Research News

Ridgecrest earthquakes could cause a San Andreas chain reaction

Scientists have developed a new method to estimate likelihood of future earthquakes

the greater Los Angeles area lies near the San Andreas Fault

Scientists have developed a method to estimate the likelihood of future earthquakes.


July 16, 2020

The 2019 magnitude 6.4 and magnitude 7.1 Ridgecrest earthquakes were largely unforeseen. They struck on faults that had not been mapped, and, in a rare order of events, the larger quake followed 34 hours after the smaller one. Fortunately, these large shocks occurred in the remote southern California desert, so they caused modest damage and no deaths.

But the Ridgecrest ruptures could have far-reaching effects because another fault -- the Garlock Fault -- links the Ridgecrest faults with the San Andreas Fault. What, if anything, can now be foreseen? That is the question addressed in a study by a National Science Foundation-supported startup, Temblor, published in the Bulletin of the Seismological Society of America.

In the 150 years prior to the 2019 Ridgecrest quakes, four shocks greater than magnitude 7.0 struck as far as 90 miles away. These quakes added stress to the newly discovered Paxton Ranch and the Salt Wells Valley Faults that would eventually rupture in 2019.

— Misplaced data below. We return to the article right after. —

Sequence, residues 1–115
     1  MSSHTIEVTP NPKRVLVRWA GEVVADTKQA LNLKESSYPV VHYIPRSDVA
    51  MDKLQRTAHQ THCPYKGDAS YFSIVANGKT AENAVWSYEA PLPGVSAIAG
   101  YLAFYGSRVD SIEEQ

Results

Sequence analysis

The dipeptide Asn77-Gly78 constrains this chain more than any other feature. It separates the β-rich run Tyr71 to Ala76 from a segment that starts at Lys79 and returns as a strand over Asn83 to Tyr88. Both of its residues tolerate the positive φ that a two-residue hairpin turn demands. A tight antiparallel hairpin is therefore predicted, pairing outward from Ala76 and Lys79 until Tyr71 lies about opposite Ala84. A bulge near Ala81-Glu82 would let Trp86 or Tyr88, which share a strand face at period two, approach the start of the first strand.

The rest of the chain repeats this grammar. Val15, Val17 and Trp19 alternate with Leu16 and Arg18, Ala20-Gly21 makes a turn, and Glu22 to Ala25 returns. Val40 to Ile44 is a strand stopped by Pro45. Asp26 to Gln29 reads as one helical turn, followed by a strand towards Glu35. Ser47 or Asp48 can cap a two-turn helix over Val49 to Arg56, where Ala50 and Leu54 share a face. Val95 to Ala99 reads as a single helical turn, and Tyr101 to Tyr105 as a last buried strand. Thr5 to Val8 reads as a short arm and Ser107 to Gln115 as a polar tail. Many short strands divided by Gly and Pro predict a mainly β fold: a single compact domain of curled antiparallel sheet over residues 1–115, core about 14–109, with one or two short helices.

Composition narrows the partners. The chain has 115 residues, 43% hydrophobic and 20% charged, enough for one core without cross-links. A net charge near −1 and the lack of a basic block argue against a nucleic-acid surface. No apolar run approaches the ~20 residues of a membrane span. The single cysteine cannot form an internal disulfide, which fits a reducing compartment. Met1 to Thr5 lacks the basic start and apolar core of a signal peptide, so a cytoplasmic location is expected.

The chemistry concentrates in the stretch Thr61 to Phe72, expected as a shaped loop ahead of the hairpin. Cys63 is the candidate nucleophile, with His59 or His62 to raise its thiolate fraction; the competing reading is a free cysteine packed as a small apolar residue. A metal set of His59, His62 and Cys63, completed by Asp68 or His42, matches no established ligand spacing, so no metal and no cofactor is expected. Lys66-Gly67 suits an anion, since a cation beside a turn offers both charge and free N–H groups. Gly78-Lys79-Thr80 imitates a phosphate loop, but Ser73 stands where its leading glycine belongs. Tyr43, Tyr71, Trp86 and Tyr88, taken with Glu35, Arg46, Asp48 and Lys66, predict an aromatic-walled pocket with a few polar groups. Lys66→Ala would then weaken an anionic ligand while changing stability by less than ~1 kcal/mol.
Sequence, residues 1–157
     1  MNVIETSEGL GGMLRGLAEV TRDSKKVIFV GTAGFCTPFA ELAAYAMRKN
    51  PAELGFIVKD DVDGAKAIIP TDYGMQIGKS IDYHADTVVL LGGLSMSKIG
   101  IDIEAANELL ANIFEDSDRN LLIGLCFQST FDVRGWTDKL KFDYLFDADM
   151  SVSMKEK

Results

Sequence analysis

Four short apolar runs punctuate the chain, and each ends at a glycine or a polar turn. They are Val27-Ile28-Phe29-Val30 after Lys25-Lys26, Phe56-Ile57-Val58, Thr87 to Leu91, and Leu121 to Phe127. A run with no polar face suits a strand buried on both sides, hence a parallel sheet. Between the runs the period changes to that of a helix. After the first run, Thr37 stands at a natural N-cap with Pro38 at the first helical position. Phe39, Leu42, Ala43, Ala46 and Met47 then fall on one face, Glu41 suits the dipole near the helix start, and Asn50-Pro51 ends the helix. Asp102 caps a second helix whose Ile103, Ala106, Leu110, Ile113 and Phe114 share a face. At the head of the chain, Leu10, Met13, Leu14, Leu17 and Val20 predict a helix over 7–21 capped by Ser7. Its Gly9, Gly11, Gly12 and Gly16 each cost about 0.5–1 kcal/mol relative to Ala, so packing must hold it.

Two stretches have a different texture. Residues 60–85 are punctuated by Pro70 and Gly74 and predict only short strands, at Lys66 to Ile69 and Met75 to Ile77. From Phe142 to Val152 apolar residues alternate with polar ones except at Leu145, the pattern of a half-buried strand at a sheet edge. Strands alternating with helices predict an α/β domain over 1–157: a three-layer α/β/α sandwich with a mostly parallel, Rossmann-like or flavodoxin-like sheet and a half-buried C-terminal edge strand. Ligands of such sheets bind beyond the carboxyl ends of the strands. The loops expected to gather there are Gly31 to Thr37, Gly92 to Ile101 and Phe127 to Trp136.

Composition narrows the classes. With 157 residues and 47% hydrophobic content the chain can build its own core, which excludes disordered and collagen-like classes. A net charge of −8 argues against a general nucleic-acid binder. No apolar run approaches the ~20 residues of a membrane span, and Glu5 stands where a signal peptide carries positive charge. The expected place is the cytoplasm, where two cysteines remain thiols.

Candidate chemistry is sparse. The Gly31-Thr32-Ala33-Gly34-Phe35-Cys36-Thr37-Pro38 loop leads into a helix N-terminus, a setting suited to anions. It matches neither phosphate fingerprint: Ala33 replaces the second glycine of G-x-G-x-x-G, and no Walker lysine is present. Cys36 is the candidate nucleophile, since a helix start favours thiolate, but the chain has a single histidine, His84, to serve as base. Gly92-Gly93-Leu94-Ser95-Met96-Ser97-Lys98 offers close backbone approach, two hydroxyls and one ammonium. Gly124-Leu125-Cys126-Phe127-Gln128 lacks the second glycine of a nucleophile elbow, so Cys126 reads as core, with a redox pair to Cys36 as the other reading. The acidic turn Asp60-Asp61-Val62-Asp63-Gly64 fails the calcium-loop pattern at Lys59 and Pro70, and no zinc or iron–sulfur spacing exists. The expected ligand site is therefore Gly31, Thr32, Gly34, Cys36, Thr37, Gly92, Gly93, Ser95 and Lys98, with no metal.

Now scientists at Temblor have developed a new method of forecasting future seismicity, the occurrence or frequency of earthquakes in a region. These forecasts are not earthquake predictions, which have so far proven impossible. Rather, they are probabilistic, framed in the language of chance. The researchers use past seismicity, stress from recent large and moderate earthquakes, and equations governing how fault friction varies in time and space to estimate the likelihood of future earthquakes.

More accurate methods of forecasting earthquakes allow communities and insurance companies to better understand and mitigate risk. Temblor scientists note that nearly all California insurance premiums are tied to earthquake rates estimated by an older model. The researchers say this study indicates that those benchmark probabilities are too low, affecting how homeowners and insurers assess risk and consequently, the price of homeowner insurance.

"Temblor's work will enable a more accurate assessment of earthquake risk and insurance pricing with its new model that uses machine learning to forecast earthquake likelihood, location and severity," said Andrea Belz, director of NSF's Division of Industrial Innovation and Partnerships, which supports startups and small businesses with research and development grants.

--  NSF Public Affairs, researchnews@nsf.gov